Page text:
While I’ve had my kitchen scale for several years, I really only used it for two reasons:  (1) complete curiosity about weights in regards to different flours and serving portions, etc and (2) to bake something from Europe, Australia, New Zealand, Spain, Italy, etc that was written in grams, rather than cups.

Since the get-go, I’ve been surprised at the wide-variance of weights.  Now, don’t get me wrong – I KNEW the flours were different densities, etc, but I was definitely surprised that the measurements were off by SIGNIFICANT grams.  It makes a difference when baking.  It is helpful to have the weights.

But since we are a cups-and-ounces crew/country, I’m posting my recipe both ways.  Sometimes, as in without a scale on hand or while baking the same way our mamas did, we reach of the measuring cups.  However, if you have the inclination, I would suggest that if you really are a GF household/baker, you should consider a kitchen scale.  You will have a whole world of recipes (literally..the rest of the world!) open up to you in grams.  And you can play around with your scale measuring out random foods just to befriend that scale and really see its value for you. (FYI: This is the one we have.)

But until you are ready to make the leap, keep baking.  And check out these other Ratio Rally Bloggers and their Gluten Free Quick Bread/Muffin recipe.  Once you see the tons of varieties that I have been eyeing lately, you will truly be considering a scale.  The variety and ratio works because of the scaling.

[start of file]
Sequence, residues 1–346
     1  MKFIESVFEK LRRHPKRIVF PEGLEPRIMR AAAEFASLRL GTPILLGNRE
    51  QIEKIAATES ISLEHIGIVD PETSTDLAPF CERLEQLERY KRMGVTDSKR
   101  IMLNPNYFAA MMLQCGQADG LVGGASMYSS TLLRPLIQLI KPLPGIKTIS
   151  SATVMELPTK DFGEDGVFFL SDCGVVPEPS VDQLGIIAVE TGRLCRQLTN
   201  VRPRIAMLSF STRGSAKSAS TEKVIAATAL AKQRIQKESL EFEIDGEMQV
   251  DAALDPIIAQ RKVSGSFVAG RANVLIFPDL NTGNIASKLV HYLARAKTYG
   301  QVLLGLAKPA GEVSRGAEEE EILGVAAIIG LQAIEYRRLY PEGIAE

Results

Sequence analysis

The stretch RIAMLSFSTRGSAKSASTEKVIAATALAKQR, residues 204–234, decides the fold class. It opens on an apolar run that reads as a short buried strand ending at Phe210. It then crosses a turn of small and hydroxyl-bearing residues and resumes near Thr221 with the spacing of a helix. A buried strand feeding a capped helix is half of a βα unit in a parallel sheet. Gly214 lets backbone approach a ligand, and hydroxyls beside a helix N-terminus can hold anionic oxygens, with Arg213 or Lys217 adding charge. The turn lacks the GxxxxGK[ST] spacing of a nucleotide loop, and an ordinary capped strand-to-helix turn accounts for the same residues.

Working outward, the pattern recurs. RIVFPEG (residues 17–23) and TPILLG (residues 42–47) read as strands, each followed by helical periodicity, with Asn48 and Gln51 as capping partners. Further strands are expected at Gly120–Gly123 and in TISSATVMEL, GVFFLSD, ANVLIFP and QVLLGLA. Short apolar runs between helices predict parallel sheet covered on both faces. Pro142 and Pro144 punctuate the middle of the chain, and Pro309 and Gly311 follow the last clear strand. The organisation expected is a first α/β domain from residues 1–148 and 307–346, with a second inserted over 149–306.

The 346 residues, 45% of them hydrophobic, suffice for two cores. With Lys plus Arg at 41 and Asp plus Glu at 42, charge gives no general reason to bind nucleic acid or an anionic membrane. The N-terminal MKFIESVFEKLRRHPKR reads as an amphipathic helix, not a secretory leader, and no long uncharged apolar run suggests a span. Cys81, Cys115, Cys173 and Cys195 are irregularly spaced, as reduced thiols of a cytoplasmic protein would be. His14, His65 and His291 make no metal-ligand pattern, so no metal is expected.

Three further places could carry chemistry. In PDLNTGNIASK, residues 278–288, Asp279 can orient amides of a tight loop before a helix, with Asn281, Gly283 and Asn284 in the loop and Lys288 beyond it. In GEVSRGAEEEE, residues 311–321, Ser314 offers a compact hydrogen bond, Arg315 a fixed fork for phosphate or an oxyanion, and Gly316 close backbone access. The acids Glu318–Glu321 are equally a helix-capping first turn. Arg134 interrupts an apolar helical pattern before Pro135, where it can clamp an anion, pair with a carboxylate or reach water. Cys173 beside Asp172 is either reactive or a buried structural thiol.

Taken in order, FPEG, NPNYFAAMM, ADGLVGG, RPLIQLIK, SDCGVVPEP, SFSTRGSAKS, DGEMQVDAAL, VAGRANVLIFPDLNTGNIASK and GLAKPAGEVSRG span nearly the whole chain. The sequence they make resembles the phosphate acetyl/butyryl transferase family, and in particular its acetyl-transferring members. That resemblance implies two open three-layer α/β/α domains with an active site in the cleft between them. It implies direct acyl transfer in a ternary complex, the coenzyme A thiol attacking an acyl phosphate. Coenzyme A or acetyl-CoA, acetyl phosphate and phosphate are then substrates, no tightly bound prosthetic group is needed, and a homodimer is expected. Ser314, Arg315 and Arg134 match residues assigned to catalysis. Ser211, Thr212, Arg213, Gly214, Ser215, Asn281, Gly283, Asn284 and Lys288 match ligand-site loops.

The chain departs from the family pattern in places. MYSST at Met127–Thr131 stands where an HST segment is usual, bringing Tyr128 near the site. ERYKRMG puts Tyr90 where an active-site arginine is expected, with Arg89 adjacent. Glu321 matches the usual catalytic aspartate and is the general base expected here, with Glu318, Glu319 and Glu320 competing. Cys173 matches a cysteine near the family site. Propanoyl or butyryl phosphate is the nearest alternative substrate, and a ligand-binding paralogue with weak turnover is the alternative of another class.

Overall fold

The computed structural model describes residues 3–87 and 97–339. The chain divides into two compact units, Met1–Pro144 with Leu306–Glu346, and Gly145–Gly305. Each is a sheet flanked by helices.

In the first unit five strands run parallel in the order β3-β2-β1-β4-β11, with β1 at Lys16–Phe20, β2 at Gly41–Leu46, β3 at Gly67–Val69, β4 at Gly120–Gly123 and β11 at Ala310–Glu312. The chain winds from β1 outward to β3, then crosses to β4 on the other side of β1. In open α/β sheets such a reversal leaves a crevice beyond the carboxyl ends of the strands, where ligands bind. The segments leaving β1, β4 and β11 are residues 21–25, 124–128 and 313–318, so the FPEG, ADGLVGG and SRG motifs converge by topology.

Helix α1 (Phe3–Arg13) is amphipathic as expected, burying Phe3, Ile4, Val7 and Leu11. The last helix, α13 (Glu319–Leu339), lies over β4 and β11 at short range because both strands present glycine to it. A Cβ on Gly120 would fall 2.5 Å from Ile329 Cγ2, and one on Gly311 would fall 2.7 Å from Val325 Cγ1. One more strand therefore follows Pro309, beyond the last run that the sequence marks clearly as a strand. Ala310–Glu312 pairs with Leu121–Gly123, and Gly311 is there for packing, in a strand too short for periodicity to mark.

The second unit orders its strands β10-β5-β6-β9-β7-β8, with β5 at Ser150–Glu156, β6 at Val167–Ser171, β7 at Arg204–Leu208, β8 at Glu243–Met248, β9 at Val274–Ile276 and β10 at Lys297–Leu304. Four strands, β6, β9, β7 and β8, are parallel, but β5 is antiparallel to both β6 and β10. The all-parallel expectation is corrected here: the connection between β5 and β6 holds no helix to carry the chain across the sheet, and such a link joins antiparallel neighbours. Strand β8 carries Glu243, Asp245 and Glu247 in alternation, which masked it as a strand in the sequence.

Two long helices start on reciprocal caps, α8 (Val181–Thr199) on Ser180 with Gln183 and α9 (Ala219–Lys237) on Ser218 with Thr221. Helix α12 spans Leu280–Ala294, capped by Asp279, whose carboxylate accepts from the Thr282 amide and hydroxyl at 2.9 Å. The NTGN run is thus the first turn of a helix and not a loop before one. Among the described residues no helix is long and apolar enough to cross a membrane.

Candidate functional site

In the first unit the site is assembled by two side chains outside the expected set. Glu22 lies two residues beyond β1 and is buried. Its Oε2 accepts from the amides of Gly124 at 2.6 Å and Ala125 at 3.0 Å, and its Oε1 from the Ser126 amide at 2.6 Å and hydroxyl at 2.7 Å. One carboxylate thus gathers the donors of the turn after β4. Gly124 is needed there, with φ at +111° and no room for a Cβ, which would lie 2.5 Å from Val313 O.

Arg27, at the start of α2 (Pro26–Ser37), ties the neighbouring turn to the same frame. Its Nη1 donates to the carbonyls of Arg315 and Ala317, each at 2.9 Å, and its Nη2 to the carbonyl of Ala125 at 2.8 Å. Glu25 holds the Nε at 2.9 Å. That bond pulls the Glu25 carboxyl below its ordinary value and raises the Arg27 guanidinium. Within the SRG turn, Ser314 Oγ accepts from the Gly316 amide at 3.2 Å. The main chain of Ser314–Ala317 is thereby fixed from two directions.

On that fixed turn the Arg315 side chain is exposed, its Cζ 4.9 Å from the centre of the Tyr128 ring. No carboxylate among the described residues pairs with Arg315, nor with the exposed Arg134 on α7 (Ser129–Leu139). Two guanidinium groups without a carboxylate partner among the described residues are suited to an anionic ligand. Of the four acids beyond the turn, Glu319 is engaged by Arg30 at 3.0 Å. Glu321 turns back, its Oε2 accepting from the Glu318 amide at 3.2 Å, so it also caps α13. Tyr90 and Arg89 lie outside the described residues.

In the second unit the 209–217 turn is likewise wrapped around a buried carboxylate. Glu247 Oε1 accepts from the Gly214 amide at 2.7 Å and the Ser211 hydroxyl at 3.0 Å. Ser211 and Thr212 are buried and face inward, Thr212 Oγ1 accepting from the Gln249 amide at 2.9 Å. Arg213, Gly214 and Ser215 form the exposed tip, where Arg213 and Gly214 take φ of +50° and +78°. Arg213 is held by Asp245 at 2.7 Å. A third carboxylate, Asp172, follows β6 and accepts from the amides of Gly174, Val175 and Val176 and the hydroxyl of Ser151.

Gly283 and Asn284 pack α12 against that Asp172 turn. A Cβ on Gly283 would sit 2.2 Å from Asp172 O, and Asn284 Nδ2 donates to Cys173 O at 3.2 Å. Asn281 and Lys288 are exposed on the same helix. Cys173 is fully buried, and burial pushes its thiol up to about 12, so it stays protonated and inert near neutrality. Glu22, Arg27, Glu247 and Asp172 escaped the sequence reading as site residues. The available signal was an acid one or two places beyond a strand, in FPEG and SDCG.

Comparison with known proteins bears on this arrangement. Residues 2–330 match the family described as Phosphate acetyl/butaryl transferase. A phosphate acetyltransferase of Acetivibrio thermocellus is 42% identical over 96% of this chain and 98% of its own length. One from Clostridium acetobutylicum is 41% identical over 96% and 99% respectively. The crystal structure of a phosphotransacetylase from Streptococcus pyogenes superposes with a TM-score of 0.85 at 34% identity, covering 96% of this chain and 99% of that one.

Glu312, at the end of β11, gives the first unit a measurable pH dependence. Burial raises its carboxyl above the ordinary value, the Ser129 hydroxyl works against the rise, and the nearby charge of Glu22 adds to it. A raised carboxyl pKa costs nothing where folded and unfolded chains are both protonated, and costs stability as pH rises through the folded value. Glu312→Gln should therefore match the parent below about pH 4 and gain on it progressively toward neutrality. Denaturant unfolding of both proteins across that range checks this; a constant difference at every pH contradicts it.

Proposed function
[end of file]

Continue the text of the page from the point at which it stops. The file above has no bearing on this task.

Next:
The Recipe

The Quick Bread/Muffin Ratio is as follows:

2 : 1 : 2 : 1 : 1
flour : sugar : liquid : eggs : butter (fat)

What does that mean?  It means simply this:

230 grams gluten free flour mix (170 grams sorghum + 60 grams tapioca starch flour)
115 grams of sugar
230 grams of liquid
2 eggs
115 grams of butter (1 stick)

GF Chocolate Chip Mocha Quick Bread 3

Gluten Free Chocolate-Chip Mocha Quick Bread
Recipe makes 1 loaf OR 18 – 24 muffins
You can find a printable copy of this recipe here.

Ingredients:
115 grams (1 stick – 1/2 cup) butter
115 grams (1/2 cup) sugar
170 grams sorghum (about 1 1/4 cup)
60 grams tapioca starch (about 1/2 scant cup)
1 teaspoon salt
2 teaspoons baking powder
2 Tablespoons instant coffee
1 teaspoon xanthan gum
115 grams – 4 ounces (1/2 cup) milk or half and half
115 grams – 4 ounces (1/2 cup) prepared (not hot) coffee
2 eggs (large)
115 grams (5 ounces / 1 cup) dark chocolate chips (OR sliced almonds OR chopped walnuts OR chopped dried cherries)

Directions:

  1. Preheat your oven to 350F.  Butter a bread-loaf pan.
  2. Cream together butter and sugar until light yellow and fluffy.
  3. While creaming (thank you, stand mixer!), whisk together sorghum flour and tapioca starch.
  4. Add eggs to creamed ingredients.  Mix together.
  5. Add remaining ingredients (sifted flours, baking powder, salt, instant coffee, xanthan gum, milk, coffee) to the mixing bowl.  Mix together for 2 minutes.
  6. Stir in add-ins (chocolate chips, nuts, dried cherries, etc) if using.
  7. Pour into your loaf pan.  Bake for 45-55 minutes until a tooth pick inserted into the center comes out clean (or at least only with melted chocolate) AND/OR your bread internal temperature reaches 200F – 205F.